* The number of wireless subscribers worldwide exceeds 2 billion. * The number of Internet subscribers worldwide is more than 1 billion, with the fastest percentage growth in Africa and the Middle East.
Economic Benefits of ICT This spread, and use of the Internet, wireless telephony, and other innovative technologies, has created new economic opportunities and contributed to GDP (gross domestic product) growth in ways that we never could have imagined just a few short years ago. Countries around the globe can thank the Internet and these other technologies for hundreds of thousands if not millions of new jobs.
The economic benefits from the dramatic increases in the use of ICTs in countries such as Canada and the United States are well known. But more importantly, the results of the explosive growth of using ICTs worldwide for other countries, especially in the developing world, are even more fundamental to their future growth. For example:
China: Currently, China a country that I will discuss in more detail in a few moments has the world's largest number of landline and mobile telecommunications subscribers, including remarkably 363 million cell phone subscribers (more than the entire populations of the United States and Canada combined!) and a 27.6% penetration rate. China estimates that by the end of this year there will be more than 820 million total telephone subscribers, up from 748 million in 2005. Chinese telecom carriers expect to generate revenues of more than $86 billion in 2006. These are large and impressive numbers.
Just last week, China reported that its Internet population, already the world's second largest after the United States, had risen to 111 million, representing a growth of 17 million people in just the last year. Furthermore, China said that the number of people with broadband Internet access had risen by more than 50% to 64 million. Some experts predict that the number of Internet users in China could reach 750 million in just the next few decades. However, as I will discuss in a minute, we should all recognize that despite the growing number of internet users, internet censorship limits democratization because it prevents Chinese citizens from having access to a variety of sources of information and the freedom to discuss these matters. For example, the Chinese government blocks certain foreign news sites, websites which call for greater Chinese government accountability and the sites of human rights organizations critical of China.
India: India has long been concerned about its poor telephone infrastructure and its lack of foreign investment. Because of recent, dramatic changes made to Indian law and policies, the growth of telephone and Internet services in India has blossomed. Now, more than 10% of Indians own phones with a combined subscriber base for fixed lines and mobile phones of more than 120 million. The total number of mobile phones in India now stands at more than 77 million and is growing at more than 3.5 million each month. It is estimated that India will have about 250 million telephones by next year. Interestingly, there are only about 7 million Internet subscribers in India, although that number is beginning to grow quickly.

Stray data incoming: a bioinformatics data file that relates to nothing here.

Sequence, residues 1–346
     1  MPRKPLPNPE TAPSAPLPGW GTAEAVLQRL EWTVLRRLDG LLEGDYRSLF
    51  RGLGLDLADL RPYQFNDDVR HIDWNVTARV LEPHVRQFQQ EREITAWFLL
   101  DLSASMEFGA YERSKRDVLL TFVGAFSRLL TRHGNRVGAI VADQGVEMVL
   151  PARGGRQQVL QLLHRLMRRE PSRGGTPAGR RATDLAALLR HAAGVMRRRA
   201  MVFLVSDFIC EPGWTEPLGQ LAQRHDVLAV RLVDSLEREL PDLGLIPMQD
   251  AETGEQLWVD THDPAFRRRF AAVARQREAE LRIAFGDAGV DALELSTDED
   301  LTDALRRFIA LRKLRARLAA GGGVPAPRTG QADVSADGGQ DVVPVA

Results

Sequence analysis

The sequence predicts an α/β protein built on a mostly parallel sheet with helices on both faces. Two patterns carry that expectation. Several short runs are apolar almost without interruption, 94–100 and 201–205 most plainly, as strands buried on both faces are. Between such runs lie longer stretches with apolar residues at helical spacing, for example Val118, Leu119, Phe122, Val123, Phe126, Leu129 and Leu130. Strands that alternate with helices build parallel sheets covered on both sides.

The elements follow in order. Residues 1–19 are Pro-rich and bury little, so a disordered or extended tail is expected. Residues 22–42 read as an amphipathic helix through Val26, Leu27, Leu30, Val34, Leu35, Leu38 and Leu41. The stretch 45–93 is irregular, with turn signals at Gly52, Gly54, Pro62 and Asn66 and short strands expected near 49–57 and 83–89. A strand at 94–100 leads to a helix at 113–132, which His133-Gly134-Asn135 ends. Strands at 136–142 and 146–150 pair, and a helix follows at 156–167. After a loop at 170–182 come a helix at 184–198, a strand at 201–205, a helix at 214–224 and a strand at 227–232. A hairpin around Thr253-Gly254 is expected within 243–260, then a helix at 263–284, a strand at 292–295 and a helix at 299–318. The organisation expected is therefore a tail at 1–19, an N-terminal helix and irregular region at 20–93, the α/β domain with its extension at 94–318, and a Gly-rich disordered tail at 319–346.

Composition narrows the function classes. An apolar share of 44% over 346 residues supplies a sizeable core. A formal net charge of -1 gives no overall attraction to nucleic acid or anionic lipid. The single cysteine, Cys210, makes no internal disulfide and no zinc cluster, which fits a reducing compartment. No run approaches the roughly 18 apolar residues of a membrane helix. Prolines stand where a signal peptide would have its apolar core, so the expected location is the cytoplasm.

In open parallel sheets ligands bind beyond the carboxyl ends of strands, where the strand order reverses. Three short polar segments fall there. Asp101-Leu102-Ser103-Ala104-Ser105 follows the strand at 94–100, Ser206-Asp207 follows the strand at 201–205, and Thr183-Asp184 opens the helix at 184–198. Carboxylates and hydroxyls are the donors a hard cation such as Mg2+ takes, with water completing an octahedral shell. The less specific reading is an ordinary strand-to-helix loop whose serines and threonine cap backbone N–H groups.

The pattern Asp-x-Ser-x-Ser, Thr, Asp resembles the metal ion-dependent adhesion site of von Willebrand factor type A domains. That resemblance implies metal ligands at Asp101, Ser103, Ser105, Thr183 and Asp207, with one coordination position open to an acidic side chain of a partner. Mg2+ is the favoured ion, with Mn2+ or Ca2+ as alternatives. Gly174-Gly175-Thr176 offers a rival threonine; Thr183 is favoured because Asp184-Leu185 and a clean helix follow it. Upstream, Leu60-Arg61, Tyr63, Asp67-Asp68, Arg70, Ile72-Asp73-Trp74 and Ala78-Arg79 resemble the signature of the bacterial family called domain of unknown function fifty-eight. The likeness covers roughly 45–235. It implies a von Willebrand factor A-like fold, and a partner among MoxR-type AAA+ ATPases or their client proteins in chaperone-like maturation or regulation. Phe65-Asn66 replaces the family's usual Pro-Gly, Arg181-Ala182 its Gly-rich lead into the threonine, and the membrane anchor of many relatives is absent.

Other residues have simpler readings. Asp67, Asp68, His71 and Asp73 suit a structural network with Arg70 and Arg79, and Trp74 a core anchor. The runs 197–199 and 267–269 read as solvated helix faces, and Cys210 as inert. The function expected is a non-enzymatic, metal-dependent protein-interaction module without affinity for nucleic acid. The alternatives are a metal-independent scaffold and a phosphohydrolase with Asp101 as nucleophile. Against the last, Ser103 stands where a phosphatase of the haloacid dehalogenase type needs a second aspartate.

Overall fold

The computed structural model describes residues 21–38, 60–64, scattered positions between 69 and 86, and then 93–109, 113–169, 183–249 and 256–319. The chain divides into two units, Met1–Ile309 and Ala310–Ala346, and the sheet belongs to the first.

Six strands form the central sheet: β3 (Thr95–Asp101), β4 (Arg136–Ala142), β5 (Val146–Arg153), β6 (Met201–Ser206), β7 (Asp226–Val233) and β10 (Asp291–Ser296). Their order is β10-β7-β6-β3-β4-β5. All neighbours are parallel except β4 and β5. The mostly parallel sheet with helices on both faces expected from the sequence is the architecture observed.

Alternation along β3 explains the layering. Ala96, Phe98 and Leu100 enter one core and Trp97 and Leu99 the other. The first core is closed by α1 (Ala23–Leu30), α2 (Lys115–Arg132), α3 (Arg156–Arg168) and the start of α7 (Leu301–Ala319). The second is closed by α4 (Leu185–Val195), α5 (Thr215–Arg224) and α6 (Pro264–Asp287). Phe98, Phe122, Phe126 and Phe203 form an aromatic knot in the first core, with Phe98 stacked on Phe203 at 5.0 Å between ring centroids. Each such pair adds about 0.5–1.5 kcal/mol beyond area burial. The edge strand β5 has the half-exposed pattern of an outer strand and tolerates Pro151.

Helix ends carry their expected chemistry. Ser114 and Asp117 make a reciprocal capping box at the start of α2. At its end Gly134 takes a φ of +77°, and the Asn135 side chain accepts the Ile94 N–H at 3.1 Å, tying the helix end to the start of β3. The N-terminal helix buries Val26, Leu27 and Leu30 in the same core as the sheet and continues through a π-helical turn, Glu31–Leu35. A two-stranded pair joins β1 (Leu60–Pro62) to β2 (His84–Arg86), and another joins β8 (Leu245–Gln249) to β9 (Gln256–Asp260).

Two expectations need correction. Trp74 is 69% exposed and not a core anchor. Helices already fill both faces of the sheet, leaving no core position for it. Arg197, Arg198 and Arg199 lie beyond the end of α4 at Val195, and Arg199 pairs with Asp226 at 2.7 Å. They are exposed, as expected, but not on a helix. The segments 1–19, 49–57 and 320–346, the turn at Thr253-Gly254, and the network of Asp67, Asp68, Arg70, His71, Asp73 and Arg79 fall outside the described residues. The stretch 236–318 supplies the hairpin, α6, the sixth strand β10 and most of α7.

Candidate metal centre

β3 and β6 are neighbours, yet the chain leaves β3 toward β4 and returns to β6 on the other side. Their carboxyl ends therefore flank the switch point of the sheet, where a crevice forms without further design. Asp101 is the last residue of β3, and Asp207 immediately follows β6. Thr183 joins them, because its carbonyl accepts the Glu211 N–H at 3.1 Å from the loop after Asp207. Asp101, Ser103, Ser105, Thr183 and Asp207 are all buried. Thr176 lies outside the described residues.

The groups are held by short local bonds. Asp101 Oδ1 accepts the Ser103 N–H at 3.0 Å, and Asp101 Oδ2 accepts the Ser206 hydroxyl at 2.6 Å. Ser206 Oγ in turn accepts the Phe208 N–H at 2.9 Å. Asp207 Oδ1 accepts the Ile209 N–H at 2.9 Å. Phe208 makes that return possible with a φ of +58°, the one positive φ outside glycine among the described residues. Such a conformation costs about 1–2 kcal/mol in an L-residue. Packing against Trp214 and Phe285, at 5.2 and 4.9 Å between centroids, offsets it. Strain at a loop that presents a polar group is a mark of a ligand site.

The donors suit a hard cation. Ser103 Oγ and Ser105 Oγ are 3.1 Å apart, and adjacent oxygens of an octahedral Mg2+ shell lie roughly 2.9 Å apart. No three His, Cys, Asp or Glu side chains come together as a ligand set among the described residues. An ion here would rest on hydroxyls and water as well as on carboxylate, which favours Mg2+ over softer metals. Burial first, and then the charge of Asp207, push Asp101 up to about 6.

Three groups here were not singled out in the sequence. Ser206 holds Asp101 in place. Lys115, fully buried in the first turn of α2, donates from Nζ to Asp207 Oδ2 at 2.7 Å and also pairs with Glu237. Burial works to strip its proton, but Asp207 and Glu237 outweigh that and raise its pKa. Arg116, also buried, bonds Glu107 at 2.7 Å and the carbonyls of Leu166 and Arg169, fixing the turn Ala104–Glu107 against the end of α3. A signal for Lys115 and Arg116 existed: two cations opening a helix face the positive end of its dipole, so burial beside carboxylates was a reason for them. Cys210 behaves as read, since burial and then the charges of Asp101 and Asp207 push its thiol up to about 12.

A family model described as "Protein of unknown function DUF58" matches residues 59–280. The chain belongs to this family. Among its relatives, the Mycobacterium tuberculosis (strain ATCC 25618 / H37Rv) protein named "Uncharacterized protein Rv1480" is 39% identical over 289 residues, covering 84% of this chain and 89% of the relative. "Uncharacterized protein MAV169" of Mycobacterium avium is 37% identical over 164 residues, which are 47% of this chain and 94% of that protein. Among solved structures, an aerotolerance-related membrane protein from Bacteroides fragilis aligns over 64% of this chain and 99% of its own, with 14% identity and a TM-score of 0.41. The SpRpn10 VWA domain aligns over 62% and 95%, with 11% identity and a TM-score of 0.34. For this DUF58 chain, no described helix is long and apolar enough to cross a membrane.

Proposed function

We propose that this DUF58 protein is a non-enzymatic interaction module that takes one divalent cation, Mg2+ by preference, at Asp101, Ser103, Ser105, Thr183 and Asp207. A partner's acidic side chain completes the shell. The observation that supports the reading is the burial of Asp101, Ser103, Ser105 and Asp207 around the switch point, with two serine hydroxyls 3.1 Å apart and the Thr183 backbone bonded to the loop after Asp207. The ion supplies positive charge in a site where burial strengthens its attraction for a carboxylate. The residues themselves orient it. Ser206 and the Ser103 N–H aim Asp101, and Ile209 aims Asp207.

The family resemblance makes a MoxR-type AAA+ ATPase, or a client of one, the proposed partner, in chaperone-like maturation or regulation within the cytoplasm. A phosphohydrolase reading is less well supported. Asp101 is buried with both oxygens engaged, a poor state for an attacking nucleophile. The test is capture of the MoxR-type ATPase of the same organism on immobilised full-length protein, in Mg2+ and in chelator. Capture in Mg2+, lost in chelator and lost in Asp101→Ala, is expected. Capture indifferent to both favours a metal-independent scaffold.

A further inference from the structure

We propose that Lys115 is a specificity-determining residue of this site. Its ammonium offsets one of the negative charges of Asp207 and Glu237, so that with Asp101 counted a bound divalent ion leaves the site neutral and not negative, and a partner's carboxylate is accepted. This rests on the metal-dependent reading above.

Africa: Sub-Saharan Africa is a fascinating but little discussed region when it comes to using technology. It is at once very challenging because of the traditionally low teledensity rates but it also has shown some of the greatest promise and performance during the past two to three years. The challenges are to create an enabling environment that draws in direct investment. It is now widely recognized that telephony is a private sector enterprise, not a governmental enterprise. The challenge from a governmental and regulatory perspective is what can and should be done to create an environment to encourage investment, both domestic and foreign, by the private sector. Because of recent positive changes that are creating an enabling environment in many African countries, Africa now boasts the fastest growth rate in the world for both wireless telephony and the Internet, with forecasts that the continent will add 265 million new mobile subscribers over the next six years.
Studies on Economic Growth and Technology Let me shift now to note some interesting studies that show the correlation between economic growth and technology.
Some of you may have read about a groundbreaking study on the relationship between economic growth and mobile phones conducted by Leonard Waverman, Meloria Meschi, and the University of Toronto's own, Melvyn Fuss. The study was reported in The Economist: "Overall the study's model suggests that in a typical developing country, an increase in 10 mobile phones per 100 people boosts GDP (gross domestic product) growth by 0.6 percentage points. The Economist, March 12, 2005, Economic Focus, Calling Across the Digital Divide.
We expect to continue to see the substantial positive economic impact of mobile telephony in places such as Africa and we were encouraged that the study recognized the fundamental fact that mobile telephony is "being rolled out at a faster rate in developing countries than developed ones closing the digital divide." A similar, but methodologically different, study of the economic impact of mobile services on Latin America, conducted by David Lewin and Susan Sweet of Ovum, found that "in middle income countries, such as those of Latin America, increasing mobile penetration by 10% boosts GDP growth by 0.3% per year." The authors found this to be a "very significant increase in countries where overall national GDP is growing at only 1.5% per year."